Shock poll finds £999 X too expensive for happy iPhone owners
So much for the supercycle
"The iPhone X cost twice [as much as my old smartphone] but isn't twice as good. It's for the Rolex wearers," concluded Alistair Dabbs after a fortnight with Apple's flagship.
And it seems many iPhone owners agree. 40 per cent haven't upgraded to the £999 X – and a third say it's because it's too expensive.
Piper Jaffray analyst Michael J Olson this week shared the survey of 1,500 iPhone owners who had not upgraded to the 2017 model. 31 per cent cited cost. 44 per cent said their existing iPhone works just fine.
Olson's poll was one of few to puncture the hype before the launch of the X. He found his panel were far less excited than the hyperventilating media, discovering anticipation for the X and 8 was about the same as for the 7 in 2016.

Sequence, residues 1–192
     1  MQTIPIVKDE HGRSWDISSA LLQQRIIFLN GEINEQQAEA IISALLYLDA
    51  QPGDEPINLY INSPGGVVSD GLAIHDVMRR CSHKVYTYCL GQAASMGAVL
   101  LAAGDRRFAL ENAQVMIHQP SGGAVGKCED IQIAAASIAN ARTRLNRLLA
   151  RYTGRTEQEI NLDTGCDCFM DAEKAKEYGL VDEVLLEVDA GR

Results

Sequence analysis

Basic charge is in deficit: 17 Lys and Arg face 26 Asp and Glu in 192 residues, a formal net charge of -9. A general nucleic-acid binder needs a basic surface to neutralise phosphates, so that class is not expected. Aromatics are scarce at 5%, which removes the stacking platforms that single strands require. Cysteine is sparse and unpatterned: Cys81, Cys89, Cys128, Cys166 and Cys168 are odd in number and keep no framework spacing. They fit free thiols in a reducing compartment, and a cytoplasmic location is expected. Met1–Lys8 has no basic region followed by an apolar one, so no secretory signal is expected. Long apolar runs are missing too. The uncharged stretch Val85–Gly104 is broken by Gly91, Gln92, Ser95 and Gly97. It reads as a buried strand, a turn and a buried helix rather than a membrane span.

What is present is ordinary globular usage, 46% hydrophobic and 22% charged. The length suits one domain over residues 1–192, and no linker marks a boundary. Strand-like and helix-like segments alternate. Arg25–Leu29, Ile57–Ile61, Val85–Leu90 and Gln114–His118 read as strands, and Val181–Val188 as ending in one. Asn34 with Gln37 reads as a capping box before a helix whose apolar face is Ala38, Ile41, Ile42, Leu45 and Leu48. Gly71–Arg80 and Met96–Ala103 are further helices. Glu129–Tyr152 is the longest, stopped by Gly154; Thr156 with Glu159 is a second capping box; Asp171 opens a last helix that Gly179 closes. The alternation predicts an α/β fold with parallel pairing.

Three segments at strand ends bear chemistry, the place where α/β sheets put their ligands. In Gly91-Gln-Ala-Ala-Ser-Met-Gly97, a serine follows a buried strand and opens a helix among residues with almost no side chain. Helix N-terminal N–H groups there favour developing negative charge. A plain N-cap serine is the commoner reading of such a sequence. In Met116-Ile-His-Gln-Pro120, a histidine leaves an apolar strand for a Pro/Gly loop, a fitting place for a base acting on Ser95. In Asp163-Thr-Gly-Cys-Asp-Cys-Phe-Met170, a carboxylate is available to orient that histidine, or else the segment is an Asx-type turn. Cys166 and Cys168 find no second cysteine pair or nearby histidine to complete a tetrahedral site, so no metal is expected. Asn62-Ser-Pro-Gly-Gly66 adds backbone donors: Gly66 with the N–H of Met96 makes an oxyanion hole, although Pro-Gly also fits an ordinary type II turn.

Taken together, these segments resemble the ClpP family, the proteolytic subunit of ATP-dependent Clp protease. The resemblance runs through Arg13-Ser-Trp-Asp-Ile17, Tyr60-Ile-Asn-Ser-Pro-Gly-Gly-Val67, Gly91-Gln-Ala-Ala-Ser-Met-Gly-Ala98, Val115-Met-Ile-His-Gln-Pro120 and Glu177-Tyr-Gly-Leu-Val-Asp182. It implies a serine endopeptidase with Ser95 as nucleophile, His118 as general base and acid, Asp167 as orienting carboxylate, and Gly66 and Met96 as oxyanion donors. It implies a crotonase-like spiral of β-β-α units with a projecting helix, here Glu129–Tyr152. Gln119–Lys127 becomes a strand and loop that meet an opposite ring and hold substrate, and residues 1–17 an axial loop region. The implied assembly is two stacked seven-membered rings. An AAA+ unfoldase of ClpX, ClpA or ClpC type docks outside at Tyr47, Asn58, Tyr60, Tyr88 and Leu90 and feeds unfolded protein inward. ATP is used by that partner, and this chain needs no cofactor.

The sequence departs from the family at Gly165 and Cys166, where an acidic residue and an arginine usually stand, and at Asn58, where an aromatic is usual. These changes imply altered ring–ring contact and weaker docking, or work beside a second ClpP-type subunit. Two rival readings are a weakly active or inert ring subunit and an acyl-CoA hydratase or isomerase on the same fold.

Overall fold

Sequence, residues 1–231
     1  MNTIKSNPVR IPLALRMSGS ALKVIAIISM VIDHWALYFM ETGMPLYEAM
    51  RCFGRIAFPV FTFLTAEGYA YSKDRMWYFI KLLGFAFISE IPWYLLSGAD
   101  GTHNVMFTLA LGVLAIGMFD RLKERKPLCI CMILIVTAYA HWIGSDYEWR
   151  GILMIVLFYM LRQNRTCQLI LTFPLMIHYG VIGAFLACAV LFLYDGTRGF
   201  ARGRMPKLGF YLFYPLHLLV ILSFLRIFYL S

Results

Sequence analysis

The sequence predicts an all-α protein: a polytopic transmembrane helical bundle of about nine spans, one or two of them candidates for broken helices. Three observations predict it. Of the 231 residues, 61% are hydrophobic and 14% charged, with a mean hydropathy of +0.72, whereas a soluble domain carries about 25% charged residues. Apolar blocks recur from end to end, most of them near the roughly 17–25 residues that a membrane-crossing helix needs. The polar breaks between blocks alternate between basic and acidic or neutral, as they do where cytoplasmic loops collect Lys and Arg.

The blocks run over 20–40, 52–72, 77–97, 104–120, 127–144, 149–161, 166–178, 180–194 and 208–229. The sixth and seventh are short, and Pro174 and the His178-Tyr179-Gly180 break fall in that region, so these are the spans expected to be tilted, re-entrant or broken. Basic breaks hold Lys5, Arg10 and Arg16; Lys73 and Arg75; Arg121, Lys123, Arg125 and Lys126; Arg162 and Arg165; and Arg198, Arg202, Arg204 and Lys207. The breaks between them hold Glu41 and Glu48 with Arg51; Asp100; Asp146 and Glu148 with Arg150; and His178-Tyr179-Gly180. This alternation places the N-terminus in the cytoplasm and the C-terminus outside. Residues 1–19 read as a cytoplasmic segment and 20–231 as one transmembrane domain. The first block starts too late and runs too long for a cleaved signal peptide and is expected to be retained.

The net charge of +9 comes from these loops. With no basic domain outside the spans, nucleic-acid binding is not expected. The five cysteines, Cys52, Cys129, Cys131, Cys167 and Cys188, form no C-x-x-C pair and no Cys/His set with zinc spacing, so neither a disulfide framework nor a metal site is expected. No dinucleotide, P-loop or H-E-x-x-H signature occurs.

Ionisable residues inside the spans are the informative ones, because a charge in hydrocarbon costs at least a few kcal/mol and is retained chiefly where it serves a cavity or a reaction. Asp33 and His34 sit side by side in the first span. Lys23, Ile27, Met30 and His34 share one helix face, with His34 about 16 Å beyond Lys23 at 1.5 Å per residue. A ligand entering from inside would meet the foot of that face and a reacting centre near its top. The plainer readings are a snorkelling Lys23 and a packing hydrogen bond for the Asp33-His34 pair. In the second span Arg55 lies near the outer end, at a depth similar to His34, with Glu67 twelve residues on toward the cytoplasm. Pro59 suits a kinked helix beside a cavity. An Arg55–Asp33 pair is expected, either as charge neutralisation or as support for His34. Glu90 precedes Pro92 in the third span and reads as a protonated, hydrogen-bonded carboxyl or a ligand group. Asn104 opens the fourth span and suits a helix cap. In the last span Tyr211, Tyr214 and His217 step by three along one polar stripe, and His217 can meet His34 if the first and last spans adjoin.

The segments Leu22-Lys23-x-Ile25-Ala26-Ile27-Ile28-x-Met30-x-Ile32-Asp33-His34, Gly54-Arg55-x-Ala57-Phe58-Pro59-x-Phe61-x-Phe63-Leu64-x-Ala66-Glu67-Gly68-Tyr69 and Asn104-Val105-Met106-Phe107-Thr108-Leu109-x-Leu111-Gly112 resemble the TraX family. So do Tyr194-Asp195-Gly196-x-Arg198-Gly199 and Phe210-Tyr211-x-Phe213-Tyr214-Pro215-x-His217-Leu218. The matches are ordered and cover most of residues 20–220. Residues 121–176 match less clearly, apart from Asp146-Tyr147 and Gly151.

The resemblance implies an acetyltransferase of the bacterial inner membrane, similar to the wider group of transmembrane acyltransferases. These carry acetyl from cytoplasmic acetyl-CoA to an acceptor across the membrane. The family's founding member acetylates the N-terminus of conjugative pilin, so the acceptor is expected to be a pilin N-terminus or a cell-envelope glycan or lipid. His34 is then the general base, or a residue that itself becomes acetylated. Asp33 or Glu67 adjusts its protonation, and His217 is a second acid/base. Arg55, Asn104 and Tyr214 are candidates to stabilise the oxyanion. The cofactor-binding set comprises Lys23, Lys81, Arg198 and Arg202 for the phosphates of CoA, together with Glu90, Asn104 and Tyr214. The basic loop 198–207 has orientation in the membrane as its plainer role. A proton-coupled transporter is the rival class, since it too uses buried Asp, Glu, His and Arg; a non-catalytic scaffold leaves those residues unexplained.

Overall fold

The iPhone X had been expected to kick off an upgrade "supercycle". However, Apple has reportedly cut back demand – by as much as 30 million units. The Financial Times yesterday confirmed that Samsung, the sole supplier of OLED panels, was cutting back production.
This doesn't mean the iPhone X is a flop – far from it. It's just that demand falls short of the galactic expectations that Apple had generated for the 10th anniversary model, which introduced the first new iPhone design in years. The lure of Apple's first OLED curved glass display, animated poo emoji, a fashionable notch, and Face ID just isn't enough to justify a £999 leap for many.
Olsen is still bullish about Apple's prospects this year, with the firm tipped to introduce both larger and cheaper X-style models, both including the fashionable notch.
Knocking 3.7 million off his earlier estimate, he tips: "Based on our survey, that suggests a large pool of potential iPhone buyers are looking for a larger screen or lower-priced option and may, therefore, wait until the next batch of devices is out late this calendar year, pushing a large percentage of upgrades into FY19. We are slightly lowering FY18 iPhone units, from 230 million to 226.3 million." ®
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